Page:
20 Mar 2012

8 Free Open Source Alternatives To Microsoft Exchange

Many users are frustrated with the planned obsolescence and expense of Microsoft products. One of Microsoft's popular products has been Microsoft Exchange, while many users are impressed with the features of Microsoft Exchange; others are looking for open source alternatives.

Ubuntu Server

For system administrators with experience, Ubuntu Server includes a full range of features such as private and public clouds, security from AppArmor, virtualization, integration between MacOS X and Microsoft Network. The Mail Server includes SMTP, POP3, and IMAP 4 capabilities, as well as Webmail, contact sharing, file sharing, and discussion boards. Ubuntu Server is free and support options are available.


Open-Xchange comes in several versions, including a free Community version, Hosting and Server Edition, and Advanced Server Version. The Advanced Server edition allows you to work with Microsoft Outlook or MS Exchange. The Hosting version is designed for hosting services and ISPs to provide email and group services. Only the Community version is free.

Citadel Groupware Server

Citadel works by dividing elements into “rooms”, such as email, RSS, chat, and calendar. Citadel works with the Linux, BSD, Unix, and Solaris OS, and includes features such as instant messaging and support for mobile devices. Citadel is easy to install, and there is a high level of online community support.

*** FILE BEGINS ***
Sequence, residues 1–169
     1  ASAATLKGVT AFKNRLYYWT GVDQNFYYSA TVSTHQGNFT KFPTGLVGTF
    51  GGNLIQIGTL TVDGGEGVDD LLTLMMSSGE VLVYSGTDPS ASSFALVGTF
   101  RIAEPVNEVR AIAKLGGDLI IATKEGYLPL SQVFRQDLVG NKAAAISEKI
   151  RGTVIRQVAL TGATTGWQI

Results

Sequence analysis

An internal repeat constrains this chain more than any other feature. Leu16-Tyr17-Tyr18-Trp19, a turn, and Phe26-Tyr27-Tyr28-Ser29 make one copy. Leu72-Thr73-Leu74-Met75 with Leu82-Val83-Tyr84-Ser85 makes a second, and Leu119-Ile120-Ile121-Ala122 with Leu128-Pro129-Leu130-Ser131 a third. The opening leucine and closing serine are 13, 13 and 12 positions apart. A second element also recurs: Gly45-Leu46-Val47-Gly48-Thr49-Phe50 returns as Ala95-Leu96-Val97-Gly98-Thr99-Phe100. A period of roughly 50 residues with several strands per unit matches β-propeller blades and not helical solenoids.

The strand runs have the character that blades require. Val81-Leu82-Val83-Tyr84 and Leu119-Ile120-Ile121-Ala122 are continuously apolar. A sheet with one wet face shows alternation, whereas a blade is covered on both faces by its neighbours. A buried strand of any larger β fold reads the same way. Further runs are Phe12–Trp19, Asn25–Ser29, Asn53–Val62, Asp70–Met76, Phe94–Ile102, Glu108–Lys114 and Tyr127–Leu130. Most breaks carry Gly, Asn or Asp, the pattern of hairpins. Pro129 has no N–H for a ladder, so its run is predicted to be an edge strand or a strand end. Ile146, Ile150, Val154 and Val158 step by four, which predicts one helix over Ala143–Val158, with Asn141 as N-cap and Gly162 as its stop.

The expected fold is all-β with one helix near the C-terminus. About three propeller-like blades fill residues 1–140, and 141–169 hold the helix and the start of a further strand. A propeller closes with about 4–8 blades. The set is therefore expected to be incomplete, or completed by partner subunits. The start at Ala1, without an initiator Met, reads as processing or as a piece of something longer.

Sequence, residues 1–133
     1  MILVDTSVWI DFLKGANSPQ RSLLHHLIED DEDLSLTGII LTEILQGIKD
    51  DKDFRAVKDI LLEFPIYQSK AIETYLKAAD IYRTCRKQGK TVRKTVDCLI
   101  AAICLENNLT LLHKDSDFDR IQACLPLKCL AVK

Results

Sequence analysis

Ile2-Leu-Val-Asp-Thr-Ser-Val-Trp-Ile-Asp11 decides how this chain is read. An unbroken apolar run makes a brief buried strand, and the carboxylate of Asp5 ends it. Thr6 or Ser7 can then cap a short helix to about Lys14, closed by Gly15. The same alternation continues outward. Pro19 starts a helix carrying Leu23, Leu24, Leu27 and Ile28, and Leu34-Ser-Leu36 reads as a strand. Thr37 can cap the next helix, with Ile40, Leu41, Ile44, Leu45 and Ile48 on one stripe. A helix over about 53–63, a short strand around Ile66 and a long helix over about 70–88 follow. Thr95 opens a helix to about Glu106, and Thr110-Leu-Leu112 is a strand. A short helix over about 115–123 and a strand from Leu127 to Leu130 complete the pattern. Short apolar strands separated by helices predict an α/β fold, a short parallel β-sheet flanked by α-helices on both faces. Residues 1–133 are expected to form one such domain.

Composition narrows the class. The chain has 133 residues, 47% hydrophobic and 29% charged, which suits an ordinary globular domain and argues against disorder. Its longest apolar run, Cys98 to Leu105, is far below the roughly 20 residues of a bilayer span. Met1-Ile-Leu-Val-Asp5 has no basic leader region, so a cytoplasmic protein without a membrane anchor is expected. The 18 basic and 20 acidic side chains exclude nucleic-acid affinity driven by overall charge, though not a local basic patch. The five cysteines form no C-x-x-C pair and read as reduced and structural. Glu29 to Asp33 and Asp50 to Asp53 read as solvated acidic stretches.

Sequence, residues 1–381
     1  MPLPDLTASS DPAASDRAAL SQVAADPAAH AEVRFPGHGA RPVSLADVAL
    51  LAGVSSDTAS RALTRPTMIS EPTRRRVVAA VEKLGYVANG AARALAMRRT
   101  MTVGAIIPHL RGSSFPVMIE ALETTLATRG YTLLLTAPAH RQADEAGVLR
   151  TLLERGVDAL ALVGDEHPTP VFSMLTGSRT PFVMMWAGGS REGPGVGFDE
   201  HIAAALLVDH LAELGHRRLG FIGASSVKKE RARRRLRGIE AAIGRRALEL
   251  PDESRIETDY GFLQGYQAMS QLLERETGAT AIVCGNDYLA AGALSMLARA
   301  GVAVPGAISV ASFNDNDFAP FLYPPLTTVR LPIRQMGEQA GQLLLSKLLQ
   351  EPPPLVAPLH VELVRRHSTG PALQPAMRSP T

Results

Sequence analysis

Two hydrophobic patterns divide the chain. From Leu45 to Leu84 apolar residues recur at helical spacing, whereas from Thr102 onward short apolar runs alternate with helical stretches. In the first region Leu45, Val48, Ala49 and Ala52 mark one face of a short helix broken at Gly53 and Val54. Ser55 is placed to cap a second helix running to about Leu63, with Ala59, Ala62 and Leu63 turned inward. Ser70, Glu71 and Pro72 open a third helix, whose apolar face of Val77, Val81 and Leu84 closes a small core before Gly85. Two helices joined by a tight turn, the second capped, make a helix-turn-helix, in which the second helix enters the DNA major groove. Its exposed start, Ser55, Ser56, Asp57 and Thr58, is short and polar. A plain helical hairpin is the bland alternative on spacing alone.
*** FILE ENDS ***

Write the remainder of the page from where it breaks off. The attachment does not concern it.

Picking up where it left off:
While Horde is not specifically marketed as an alternative to Microsoft Exchange, it offers a wide range of features and modules to add-in. Horde is open source. Because of the many alternatives, it may be difficult for inexperienced users to set op, but most administration is performed via a web interface.


Kolab offers a full range of groupware features including email. Calendaring, contacts and multi-client support. Kolab works with IMAP email, and there is a plug-in available to integrate with Outlook.


Scalix is the current incarnation of HP OpenMail, and has all the bells and whistles Exchange users have come to expect, including group calendaring, PIM, email, and busy/free services. There is both a free community edition and a commercial (supported) version.


eGroupware has both a free community edition and a commercial edition. Features include task, project and event management, file server, information sharing, and website content management.


For small organizations who are primarily interested in an email server, SquirrelMail is another alternative. There are a number of plug-ins available such as shared calendars, shared to-do lists, to-do reminders, and notes, which add to the productivity of this product.

When it comes to features, Microsoft sometimes seems to have the attitude of the small town general store provider: “If we don't have it, you don't need it”. Open source solutions, on the other hand encourage tweaks and add-ons to improve both productivity and enjoyment.
Advantages of Microsoft Exchange include the user-friendly interface, security, and support (at least until the next version is released and you have to buy an upgrade.) Besides limited features and planned obsolescence, Microsoft products are more expensive than (free) open-source alternatives.

Collaboration Station
Image by Jeffrey Beall

Ilya Elbert writes for several IT Support Phoenix and Computer Repair Phoenix corporations.


  1. rondcube is what mostly get's installed nowadays instead of squirrel-mail IMHO.

  2. Wow...how can you not mention Zarafa (with Z-Push) and Zimbra. Both are replacing Exchange left and right in the Enterprise like there is no tomorrow. Scalix is too expensive compared to Zarafa and Zimbra so there seems little traction for Scalix in Europe. And Zarafa being in Europe does help their great success in Europe.